One way to look at this is how many watts of panels will you need to make all the power you consume.
Another way to look at this is how many watts of panels will you need to keep your batteries happy.
Though related, they will not be exactly the same value.
I tend to think
batteries are your single most expensive component, so you should scale your system to how to keep the batteries healthy. As a general rule of thumb, you want to charge at a certain rate related to the capacity of your battery. Those would be....
A low rate of 1/20 of C or 0.05C. At 12V that works out to be 395Ah X 0.05C X 13V charging X 1.2 fudgefactor = 308W. Call that 1 300W panel. This rate may or may not keep up with demand. Expect it to take two days for a full charge.
A medium rate of 1/10 of C or 0.1C. At 12V that works out to be 395Ah X 0.1C X 13V charging X 1.2 fudgefactor = 616W. Call that 2 300W panels. This rate may keep your batteries fully charged every day.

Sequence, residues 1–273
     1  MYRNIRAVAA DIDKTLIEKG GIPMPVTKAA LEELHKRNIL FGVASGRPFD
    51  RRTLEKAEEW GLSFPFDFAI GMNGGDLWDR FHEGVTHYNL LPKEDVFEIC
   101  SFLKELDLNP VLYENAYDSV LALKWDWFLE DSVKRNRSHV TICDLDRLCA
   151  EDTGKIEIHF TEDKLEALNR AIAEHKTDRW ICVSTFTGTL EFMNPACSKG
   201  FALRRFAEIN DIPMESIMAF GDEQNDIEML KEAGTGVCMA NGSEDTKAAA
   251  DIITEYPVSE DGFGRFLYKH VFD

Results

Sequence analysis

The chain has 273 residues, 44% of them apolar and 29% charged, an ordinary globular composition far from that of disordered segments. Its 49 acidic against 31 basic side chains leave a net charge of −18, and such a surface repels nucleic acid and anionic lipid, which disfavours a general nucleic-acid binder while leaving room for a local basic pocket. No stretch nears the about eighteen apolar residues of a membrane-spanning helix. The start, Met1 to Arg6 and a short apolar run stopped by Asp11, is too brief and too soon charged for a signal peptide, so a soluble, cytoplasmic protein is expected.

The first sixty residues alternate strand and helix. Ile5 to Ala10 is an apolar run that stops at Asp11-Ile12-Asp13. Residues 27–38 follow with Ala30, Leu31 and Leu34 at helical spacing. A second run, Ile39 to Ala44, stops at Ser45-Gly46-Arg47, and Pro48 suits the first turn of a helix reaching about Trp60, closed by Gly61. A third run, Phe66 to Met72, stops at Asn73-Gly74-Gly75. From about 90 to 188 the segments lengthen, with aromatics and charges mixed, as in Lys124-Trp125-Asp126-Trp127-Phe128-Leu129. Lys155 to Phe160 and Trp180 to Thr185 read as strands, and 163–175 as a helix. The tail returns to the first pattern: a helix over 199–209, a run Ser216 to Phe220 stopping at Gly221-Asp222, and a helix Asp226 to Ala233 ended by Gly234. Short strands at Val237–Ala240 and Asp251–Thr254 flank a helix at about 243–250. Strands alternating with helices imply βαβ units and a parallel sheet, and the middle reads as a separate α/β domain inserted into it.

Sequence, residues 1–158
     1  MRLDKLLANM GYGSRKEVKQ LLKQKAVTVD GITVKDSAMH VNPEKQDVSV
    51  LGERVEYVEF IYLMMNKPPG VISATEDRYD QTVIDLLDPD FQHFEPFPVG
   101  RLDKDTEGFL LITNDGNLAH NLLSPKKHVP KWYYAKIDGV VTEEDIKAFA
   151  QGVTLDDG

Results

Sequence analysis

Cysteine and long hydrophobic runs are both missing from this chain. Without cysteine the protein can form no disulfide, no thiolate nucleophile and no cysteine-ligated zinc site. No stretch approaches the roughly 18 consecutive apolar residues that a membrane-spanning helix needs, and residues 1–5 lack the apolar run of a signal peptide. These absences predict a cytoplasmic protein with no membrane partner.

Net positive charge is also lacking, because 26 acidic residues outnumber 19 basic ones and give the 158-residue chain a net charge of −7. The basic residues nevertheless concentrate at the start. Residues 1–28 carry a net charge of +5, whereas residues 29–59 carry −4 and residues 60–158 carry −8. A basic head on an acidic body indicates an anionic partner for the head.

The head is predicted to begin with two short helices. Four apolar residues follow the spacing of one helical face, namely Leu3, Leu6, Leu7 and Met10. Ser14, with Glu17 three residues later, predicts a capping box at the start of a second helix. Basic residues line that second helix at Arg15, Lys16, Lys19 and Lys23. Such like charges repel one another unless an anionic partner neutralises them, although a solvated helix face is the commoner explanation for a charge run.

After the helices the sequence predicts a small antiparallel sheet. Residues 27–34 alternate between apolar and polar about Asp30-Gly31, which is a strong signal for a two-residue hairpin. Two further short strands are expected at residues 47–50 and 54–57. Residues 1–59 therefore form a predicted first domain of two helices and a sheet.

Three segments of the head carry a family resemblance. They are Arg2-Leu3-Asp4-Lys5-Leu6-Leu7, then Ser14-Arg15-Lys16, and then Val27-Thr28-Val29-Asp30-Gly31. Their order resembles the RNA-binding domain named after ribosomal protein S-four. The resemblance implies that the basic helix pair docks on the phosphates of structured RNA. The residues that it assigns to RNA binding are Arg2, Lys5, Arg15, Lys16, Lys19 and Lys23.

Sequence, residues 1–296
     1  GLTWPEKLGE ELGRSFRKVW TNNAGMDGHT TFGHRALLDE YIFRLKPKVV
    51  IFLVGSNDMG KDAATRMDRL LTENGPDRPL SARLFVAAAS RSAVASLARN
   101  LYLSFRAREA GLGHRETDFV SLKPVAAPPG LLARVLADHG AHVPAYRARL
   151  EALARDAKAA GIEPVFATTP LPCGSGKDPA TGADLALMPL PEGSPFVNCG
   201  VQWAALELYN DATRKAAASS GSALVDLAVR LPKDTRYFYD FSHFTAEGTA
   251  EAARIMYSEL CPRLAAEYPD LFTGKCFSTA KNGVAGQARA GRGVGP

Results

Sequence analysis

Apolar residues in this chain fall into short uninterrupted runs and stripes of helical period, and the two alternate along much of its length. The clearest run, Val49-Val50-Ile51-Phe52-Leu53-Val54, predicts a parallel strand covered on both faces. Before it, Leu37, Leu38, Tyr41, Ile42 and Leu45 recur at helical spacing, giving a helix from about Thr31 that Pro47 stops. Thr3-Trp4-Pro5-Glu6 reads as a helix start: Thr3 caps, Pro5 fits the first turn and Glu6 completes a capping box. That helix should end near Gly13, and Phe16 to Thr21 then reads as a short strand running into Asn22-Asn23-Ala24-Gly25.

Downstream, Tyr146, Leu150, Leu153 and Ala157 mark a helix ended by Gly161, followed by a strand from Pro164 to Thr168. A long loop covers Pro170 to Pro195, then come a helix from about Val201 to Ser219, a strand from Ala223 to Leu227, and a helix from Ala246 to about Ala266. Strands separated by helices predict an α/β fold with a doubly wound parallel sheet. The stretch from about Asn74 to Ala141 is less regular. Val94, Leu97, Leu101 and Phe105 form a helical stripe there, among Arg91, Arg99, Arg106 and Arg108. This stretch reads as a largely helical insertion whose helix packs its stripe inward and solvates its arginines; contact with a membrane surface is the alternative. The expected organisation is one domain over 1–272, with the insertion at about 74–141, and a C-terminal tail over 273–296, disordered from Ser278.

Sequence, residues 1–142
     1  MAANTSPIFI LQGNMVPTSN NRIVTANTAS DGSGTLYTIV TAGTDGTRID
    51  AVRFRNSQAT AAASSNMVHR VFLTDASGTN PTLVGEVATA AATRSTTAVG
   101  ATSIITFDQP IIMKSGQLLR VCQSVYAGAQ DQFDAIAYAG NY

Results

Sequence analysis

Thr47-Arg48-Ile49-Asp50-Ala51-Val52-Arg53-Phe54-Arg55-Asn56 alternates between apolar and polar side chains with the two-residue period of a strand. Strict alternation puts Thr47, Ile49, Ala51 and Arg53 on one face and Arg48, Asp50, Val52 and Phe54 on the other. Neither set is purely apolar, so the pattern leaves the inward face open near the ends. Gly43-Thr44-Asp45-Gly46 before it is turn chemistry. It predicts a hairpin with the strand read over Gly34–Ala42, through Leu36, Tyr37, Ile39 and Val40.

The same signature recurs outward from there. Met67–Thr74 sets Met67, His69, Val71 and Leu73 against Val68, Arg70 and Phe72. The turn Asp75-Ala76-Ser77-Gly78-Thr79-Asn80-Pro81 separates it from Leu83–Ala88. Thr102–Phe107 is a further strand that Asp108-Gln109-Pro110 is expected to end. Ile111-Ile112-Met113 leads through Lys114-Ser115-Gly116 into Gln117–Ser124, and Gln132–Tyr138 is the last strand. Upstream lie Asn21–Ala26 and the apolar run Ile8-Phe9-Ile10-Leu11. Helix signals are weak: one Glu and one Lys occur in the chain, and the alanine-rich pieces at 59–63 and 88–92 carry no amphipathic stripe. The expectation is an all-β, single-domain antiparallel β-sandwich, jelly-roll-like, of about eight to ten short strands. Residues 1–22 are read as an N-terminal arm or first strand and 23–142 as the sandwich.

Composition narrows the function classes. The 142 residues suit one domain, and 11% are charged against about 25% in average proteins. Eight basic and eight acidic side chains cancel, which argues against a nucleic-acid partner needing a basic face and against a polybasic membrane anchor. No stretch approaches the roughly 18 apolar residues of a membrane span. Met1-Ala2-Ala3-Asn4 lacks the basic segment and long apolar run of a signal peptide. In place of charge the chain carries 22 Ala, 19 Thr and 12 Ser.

A high rate of 1/8 of C or 0.125C. At 12V that works out to be 395Ah X 0.125C X 13V charging X 1.2 fudgefactor = 770W. Call that 3 260W panels. This rate will charge fast, and still provide a bit of power on less than optimal days, when there's some cloud cover.
You can get cheap 250W grid-tie panels now in the range of 50-55$ per panel, so there is no good reason anymore to not try to maximize your wattage. With a good MPPT controller, you could wire three 30V panels in series to feed
the controller, which will transform the raw high solar voltage down to the 13-14V your batteries need to charge. I personally would go with the third 1/8C option.